BrandGuidelinesArticle

Components of an Effective Brand Style Guide


Brands are so much more than a logo. They are your voice, your look and feel, and even your team. Every touchpoint offers an opportunity for your brand to reach and connect with people, whether they are potential customers, partners, or your employees. 

With so many moving parts, it can sometimes feel hard to keep it all in line. And this discomfort is often felt soon after a rebrand, when perhaps your old look and feel doesn’t fit anymore. Or maybe your business is growing, and the collection of your brand identity doesn’t match up across the board. 

There are many different reasons to rebrand and a lot of questions to ask yourself throughout the process. But once that rebrand is complete, having a robust set of guidelines to navigate through various applications is helpful because inconsistency in your brand presence will only confuse and potentially alienate your customers or prospects.

So, what are some helpful components to include in your branding “North Star”? So glad you asked:

1.Brand Voice

What to include: 

  • Tone + Voice
  • Vision + Mission

This collection of brand standards sets the (wait for it) tone for all of your copywriting. From your website to your print brochures, it’s important to establish this North Star so that your customers know what to expect from you. 

Are you serious or playful? Helpful or informative? Including your tone in your style guide will make it easier to determine if your other brand elements fit it or not.

2.Typography

What to include: 

  • Brand Fonts
  • Text Hierarchy

Your customers expect clear and consistent font usage across all mediums, which is why your brand standards should clearly define what your fonts are, as well as what to use if they aren’t available. 

And don’t underestimate the power of fonts and how they are used. For example, a high-end interior design firm wouldn’t use the same font or need the same type of text stylings as a childcare center. So, even though Michelle in Sales loves Papyrus, outlining font usage in your brand styling guide will help her understand that it may not be the right choice when speaking on behalf of your brand. 

3.Colors

What to include: 

  • Brand Palette (Including Primary and Secondary Colors)

Like fonts, colors can conjure certain mental images and emotions. Many studies have been done on color theory and how it affects mood. For instance, you don’t see very many law firms using orange or yellow. Instead, they often use shades of blue, which is a color that represents stability and serenity.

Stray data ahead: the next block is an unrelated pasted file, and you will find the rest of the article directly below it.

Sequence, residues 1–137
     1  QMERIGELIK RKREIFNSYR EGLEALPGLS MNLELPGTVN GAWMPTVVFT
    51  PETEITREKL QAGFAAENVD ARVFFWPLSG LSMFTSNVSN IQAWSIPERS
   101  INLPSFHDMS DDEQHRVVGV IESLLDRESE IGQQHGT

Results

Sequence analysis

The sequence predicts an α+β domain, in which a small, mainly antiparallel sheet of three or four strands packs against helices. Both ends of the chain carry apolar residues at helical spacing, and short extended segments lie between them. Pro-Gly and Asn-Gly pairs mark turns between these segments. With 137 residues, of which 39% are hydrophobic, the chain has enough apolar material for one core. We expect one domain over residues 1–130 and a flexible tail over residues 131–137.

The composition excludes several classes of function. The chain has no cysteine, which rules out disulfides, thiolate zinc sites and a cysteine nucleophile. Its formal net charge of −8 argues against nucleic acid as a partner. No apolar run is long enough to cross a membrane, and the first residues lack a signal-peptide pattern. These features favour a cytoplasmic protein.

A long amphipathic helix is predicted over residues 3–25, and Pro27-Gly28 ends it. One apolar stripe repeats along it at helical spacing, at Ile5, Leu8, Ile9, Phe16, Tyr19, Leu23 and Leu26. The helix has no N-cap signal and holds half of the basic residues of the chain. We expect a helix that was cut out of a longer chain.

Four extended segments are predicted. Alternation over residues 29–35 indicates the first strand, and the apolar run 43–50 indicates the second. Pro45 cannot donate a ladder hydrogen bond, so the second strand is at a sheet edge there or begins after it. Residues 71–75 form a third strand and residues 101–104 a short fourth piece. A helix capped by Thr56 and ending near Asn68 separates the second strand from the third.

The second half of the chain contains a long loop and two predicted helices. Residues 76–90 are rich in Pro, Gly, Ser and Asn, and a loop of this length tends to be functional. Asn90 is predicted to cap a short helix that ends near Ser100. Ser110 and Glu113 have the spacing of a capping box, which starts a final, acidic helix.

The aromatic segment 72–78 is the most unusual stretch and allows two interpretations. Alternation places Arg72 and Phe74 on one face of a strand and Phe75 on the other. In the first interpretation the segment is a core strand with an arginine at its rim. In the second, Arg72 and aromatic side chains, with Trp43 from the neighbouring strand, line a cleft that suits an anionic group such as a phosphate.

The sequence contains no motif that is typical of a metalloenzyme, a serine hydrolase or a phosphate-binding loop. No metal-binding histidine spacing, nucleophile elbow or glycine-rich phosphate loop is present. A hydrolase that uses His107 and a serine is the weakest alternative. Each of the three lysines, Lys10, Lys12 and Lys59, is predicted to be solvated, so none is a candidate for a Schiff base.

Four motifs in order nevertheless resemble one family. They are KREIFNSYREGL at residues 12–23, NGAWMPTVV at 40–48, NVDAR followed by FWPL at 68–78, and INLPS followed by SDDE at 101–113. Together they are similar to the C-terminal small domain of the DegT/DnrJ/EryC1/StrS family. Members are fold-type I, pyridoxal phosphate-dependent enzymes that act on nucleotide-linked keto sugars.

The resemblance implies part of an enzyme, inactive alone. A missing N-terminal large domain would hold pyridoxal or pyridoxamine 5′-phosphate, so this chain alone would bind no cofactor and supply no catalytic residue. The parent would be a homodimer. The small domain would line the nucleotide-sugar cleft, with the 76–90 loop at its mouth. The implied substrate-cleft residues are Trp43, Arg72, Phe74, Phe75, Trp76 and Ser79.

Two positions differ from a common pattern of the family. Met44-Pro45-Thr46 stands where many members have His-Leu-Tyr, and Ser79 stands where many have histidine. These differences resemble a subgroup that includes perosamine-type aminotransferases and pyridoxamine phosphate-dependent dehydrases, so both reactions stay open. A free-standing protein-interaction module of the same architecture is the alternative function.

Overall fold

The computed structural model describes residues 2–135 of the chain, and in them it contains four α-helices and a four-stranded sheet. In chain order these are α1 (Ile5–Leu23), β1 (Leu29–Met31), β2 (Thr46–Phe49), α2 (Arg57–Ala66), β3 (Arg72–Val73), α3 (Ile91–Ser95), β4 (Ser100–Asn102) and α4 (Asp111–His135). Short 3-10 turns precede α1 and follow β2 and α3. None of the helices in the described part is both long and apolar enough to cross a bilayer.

You want to be sure that the proper colors are being used to represent your brand, which is why it’s essential to include your approved color palette in your brand style guide. 

4.Logo Usage

What to include: 

  • Acceptable Usage (Color Options)
  • Secondary Logo Options + Usage
  • Usage Best Practices 

You’ve worked hard to develop your brand and want your logo to shine wherever used. Which is why another key component to include in your brand style guide is how to use your logo. This section reinforces how your brand palette should be used with your logo and what treatments or stylings to avoid.

5.Brand Elements

What to include: 

  • Icon Styles
  • Photography That Performs Well
  • Mood Board

One of the most underrated parts of a brand is the consistency of image assets. Your brand is crafted by its unique style—so if you need to create something new or add in a stock photo, you should take special care to ensure those elements fit your brand.

If you have other brand elements such as iconography and photography, it’s important to include them in this section as well. This way, you have a reference if additional components need to be built. 

6.Examples of Work

What to include: 

  • Collateral
  • Social Media Post Examples

If you have any templates or established a specific look that people need to follow, it’s helpful to include examples of past work to ensure consistency. 

Select key items that set the standard for the rest of your brand, such as business cards, e-signatures, and print ad examples to demonstrate how your brand should be used when team members and third parties need to create more of these items.

Putting All The Pieces Together

Curating a collection of pieces to set the benchmark for usage will help maintain a level of consistency and quality throughout your brand. And it’s important to re-evaluate or revisit your brand standards regularly to ensure that they’re still accurate. Be sure to communicate any updates to your brand stewards so they can keep making accurate choices on behalf of your brand.

The bottom line is this: Your brand is a living, breathing thing that’s going to grow and change over time, so creating  guidelines and keeping them updated is important. Luckily, there are a lot of elements you can easily define to set your brand up for success as it expands.

FUEL.
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